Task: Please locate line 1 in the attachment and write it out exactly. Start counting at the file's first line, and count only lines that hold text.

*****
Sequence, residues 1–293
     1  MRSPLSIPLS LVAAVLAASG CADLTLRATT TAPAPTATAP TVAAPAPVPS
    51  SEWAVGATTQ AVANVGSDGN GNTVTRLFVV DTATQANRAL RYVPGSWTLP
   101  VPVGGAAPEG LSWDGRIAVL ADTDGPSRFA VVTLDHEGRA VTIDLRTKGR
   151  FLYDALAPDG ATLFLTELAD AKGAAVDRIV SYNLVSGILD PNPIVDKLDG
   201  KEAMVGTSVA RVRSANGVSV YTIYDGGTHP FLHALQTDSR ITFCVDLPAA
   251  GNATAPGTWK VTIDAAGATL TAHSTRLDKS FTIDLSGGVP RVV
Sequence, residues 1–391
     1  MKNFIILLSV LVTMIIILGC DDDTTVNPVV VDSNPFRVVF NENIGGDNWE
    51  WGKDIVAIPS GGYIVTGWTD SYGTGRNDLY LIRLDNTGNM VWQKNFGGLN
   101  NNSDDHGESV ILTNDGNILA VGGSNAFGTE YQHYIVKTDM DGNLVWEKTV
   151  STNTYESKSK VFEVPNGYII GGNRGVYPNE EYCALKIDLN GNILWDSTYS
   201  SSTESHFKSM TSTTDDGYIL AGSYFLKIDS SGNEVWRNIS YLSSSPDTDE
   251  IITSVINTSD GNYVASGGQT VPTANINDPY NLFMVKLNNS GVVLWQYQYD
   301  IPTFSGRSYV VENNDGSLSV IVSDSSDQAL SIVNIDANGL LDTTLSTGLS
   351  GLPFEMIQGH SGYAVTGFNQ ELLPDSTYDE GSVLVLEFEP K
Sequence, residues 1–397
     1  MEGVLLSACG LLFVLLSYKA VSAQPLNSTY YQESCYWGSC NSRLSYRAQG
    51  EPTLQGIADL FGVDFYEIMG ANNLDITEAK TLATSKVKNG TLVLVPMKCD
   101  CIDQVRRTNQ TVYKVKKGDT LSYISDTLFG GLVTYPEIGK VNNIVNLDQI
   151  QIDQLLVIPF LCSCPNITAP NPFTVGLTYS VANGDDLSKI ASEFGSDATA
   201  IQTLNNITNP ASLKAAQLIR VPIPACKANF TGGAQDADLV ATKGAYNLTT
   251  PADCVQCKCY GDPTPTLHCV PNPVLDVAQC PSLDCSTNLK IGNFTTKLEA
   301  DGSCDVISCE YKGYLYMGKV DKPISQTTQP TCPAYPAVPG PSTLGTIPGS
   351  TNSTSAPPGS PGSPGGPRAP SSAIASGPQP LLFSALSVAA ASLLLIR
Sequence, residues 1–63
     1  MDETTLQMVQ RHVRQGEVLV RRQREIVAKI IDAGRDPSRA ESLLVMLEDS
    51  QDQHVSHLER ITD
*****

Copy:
Sequence, residues 1–293